Most birdstrikes to aircraft result in no damage and are assessed as non-hazardous. However, serious birdstrikes can lead to an aircraft having to abort its take-off, return to the airport it departed from, or to divert to make an emergency landing, and these are notified to the CAA as a Mandatory Occurrence Report (MOR). During 2008 approximately 66 serious birdstrike occurrences to aircraft in the UK were reported to the CAA as an MOR, having either caused damage to the aircraft, forced the crew to take avoiding action, or to divert to alternate aerodromes. This number has been relatively constant year-on-year for the past 10 years, with an average of 58 events annually.

Aero-engine design

The CAA has played a leading role in developing enhanced engine certification requirements, and safety recommendations from the NTSB and AAIB have served further to emphasise the need for such activity. This work has been conducted in co-operation with other safety regulators (the US Federal Aviation Administration, Transport Canada and other European NAAs) and the aero engine industry. In recognition of the capability of modern material technology, large turbo-fan aero-engines are now required to resist multiple birdstrikes from birds of up to 5.5lbs in weight and still produce useful thrust. However, Canada Geese, which fly in skeins and therefore pose the risk of a multiple strike, can weigh up to 8lbs. It is therefore essential that effective management of the large flocking bird population be employed, to complement the benefits of the latest engine birdstrike certification requirements. The certification requirements are only the last line of defence; it is far better to reduce the chances of birdstrikes happening in the first place.

Aerodrome bird control

Bird dispersal and control measures practised by aerodrome operators within the aerodrome boundary remains the main and most effective tool in an airport’s armoury. This requires trained and competent bird control personnel, vigilance and a high degree of intelligence gathering to know what species are habituating the airport and its surrounds and why (habitat), and a determination of which mitigations would be most effective in controlling the species, particularly for those birds within the high-risk species group.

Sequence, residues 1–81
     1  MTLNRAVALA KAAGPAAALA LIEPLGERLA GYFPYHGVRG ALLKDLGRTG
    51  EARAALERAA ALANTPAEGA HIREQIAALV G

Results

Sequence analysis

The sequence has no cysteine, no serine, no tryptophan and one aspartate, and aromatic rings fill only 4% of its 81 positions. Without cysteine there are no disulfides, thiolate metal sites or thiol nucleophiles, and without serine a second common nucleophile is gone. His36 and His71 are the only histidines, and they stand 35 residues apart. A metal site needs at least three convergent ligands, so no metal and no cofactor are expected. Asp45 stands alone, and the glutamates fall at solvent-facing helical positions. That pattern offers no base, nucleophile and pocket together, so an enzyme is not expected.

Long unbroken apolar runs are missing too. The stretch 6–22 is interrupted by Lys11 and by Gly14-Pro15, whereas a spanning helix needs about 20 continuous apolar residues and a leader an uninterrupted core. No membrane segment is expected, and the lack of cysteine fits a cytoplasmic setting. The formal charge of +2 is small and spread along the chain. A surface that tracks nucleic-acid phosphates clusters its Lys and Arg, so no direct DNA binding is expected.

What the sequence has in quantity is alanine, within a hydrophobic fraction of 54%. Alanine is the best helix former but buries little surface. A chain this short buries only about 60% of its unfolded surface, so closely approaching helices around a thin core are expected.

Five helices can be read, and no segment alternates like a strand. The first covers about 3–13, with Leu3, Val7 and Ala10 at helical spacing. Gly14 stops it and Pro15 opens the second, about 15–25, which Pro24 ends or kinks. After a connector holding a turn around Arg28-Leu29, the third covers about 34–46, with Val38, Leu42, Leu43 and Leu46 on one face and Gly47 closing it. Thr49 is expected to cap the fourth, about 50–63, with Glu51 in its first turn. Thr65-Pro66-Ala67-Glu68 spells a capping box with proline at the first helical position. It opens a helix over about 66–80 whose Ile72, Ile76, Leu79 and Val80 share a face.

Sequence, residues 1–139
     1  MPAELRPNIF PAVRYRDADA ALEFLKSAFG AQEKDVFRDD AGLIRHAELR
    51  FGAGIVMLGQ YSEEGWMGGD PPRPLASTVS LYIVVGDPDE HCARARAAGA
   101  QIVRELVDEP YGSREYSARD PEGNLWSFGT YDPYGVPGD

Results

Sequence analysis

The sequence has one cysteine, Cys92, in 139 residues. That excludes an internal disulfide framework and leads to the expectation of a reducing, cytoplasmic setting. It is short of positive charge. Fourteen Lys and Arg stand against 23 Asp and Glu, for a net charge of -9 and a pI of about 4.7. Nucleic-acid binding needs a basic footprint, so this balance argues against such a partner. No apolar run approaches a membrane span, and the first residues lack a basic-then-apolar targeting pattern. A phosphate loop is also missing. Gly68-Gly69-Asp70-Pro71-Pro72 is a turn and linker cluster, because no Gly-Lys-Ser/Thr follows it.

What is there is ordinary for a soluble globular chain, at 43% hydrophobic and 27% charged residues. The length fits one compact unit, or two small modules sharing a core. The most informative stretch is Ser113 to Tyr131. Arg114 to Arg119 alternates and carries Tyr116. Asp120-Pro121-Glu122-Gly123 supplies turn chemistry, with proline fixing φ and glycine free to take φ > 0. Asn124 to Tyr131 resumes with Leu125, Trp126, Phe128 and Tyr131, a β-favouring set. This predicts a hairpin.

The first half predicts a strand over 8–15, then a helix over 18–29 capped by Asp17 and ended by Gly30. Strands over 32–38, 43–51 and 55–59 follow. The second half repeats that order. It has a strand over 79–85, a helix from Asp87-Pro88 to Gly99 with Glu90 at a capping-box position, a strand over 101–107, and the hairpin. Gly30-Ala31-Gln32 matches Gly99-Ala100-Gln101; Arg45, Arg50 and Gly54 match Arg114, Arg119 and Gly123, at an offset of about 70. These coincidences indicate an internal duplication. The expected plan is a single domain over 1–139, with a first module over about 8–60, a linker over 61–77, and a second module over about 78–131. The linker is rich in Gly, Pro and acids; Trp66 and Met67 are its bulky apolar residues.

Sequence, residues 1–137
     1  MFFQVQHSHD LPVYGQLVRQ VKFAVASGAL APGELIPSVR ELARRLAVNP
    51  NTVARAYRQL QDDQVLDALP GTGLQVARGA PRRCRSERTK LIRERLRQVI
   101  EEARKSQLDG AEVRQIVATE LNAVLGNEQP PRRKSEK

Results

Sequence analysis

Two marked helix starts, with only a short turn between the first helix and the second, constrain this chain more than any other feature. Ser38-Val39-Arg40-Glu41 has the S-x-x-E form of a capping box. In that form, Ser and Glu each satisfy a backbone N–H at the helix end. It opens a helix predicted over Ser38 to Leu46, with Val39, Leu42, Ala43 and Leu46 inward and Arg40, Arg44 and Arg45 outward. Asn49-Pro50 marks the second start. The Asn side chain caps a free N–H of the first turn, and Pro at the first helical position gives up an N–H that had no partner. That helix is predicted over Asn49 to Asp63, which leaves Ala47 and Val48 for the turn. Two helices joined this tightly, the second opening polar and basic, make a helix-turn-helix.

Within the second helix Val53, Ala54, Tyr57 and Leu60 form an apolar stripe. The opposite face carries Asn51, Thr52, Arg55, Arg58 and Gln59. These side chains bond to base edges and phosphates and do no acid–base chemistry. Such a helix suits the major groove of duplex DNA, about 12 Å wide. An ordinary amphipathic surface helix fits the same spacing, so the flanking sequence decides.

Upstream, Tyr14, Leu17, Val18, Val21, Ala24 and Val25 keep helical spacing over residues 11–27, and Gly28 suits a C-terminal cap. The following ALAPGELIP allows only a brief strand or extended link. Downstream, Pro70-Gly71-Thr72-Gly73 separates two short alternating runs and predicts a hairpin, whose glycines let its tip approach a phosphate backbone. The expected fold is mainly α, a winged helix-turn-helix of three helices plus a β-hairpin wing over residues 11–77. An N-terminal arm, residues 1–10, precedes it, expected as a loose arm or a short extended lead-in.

UK licensed airports have developed, together with the CAA, a series of programmes aimed at reducing the risk posed by birds within the airfield boundary. Initiatives such as the development and implementation of a Bird Control Management Plan, as part of the aerodrome Safety Management System (SMS) approach including use of a risk assessment methodology, is now widely adopted as best-practice and advocated in peer guidance material from the International Birdstrike Committee.4

Although birdstrike reporting levels in the UK have increased, it is of concern that a large degree of reports contain “unknown” information, such as the bird species involved. It is widely agreed by stakeholders that an accurate species ID can greatly assist the reliability of risk assessment work carried out by both aerodrome and airline operators (see Figure 1).

Figure 1: UK Birdstrikes by species 2008

Figure 1: UK Birdstrikes by species 2008

As the mitigation measure will vary dependant upon species, it is vital that an accurate identification of species involved in birdstrikes is realised. In the UK, the Bird Management Unit of the Food and Environment Research Agency (FERA) currently conducts a bird remains identification service on behalf of various stakeholders, in a similar manner as is carried out by the Smithsonian Institute in the US. Bird remains identification can be carried out by a number of methods, such as use of digital photography, feather analysis and full DNA profiling.